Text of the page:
Paterson tells MPs corporation tax cut is worth a gamble
Slashing Northern Ireland's block grant to allow a cut in corporation tax is “emphatically not a gamble”, the Secretary of State insisted last night.
For every 2.5% knocked off the tax rate, the Assembly will lose £60-£90m in Westminster funding under plans to rebalance the economy unveiled last week.
Owen Paterson insists the loss of public funding is a “very modest risk” as it amounts to just 0.5% of the £12bn Stormont allocation, and urged politicians to “be brave and be bold”.
The Northern Ireland Secretary branded it “outdated Soviet-style thinking” that cutting the grant would mean having to cut services such as cancer treatment centres. Instead, the boom in tax returns from an increase in the number of businesses would mean “you can have two cancer centres”, he told the Northern Ireland Affairs committee.
But the Treasury still needs to be convinced by the plans, he admitted, telling MPs “it is not in the bag”.
“This is a Treasury paper. It's bound to be written in sober and cautious language. There's no certainty that we can pull this off,” he warned. “We need a deluge of response from businesses.”
Prompted by the DUP's Ian Paisley about the cost of politics at Stormont, the Secretary of State said tackling waste would help level out losses in grants.
He pointed to the cost of absenteeism in the public sector, where adopting private sector payment levels would save £45m.
All of Northern Ireland's political leaders are behind the tax proposals, he insisted.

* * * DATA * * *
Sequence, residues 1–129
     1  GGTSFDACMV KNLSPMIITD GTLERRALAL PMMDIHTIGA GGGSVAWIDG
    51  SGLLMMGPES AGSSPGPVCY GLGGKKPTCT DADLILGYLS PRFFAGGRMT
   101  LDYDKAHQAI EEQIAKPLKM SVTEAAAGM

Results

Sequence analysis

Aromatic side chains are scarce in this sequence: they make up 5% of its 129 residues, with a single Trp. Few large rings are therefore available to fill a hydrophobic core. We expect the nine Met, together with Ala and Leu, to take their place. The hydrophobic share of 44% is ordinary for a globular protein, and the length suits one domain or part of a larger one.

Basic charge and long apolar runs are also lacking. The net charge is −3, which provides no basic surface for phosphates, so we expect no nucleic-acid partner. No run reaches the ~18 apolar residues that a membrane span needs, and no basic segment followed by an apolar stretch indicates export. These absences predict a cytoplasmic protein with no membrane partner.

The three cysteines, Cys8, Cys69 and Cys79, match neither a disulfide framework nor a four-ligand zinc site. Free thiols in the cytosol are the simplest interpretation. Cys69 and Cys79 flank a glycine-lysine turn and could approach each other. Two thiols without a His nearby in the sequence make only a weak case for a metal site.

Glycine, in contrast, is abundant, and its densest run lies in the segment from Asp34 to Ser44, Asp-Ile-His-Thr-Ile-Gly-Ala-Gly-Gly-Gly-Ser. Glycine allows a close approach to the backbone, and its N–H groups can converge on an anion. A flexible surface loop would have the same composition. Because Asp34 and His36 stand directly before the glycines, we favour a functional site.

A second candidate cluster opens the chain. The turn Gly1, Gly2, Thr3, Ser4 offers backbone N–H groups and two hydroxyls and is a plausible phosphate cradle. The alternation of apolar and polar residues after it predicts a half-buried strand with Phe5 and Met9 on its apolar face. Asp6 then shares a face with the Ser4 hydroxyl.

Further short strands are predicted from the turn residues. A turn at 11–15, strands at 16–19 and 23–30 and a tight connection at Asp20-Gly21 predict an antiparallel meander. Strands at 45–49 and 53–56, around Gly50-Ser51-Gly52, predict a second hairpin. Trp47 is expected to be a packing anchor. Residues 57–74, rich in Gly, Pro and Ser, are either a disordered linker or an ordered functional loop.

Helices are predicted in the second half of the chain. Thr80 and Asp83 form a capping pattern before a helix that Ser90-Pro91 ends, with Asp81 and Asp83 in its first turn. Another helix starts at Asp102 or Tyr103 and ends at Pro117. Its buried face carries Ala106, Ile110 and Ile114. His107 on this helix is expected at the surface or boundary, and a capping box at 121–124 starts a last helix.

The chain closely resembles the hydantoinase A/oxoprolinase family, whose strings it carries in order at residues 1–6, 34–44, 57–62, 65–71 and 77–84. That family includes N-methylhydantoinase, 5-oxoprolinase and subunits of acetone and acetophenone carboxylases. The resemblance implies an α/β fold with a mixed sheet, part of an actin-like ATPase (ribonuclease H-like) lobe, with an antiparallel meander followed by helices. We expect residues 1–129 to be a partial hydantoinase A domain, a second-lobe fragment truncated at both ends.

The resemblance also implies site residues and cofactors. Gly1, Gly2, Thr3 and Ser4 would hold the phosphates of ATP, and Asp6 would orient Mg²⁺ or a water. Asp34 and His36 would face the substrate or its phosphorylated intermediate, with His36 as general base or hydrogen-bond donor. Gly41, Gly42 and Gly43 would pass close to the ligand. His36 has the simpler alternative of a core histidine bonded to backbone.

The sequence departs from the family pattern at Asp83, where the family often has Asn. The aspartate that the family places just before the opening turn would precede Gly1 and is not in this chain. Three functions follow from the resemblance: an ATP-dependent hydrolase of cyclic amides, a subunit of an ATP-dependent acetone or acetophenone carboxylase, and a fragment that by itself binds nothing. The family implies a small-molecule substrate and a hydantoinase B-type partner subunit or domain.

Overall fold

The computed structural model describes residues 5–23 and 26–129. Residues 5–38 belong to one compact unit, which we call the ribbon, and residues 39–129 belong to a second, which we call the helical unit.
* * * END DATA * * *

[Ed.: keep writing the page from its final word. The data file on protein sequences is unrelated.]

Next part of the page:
But English MPs argued their constituents would be asking them why Northern Ireland was getting a reduced rate, particularly in parts of the north and south west where unemployment levels are high.
Mr Paterson argued it was “in the interests” of the whole of the UK to boost the province's private sector as state funding is 25% higher per person than it is in England.
He told the committee there was support from Dublin for the reduction, saying there had “never been a hint of churlishness”.
The fact that they had fought “like tigers” to hang on to the their own low rate during the European bailout negotiations showed just how important the tax rate was.
The DUP's Ian Paisley said he believed it would be “foolish to look a gift horse in the mouth”.
But Alliance's East Belfast MP Naomi Long warned it would not replicate the boom that the Republic of Ireland enjoyed during the 1990s.
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Last week Owen Paterson launched a Treasury consultation on proposals which could result in Northern Ireland's corporation tax rate being set in line with the Republic's 12.5%. Under EU law the power has to be devolved to the Assembly to allow the rate to be varied within the UK, where it is 28%. However, the UK rate is set to fall by 5% over the next four years.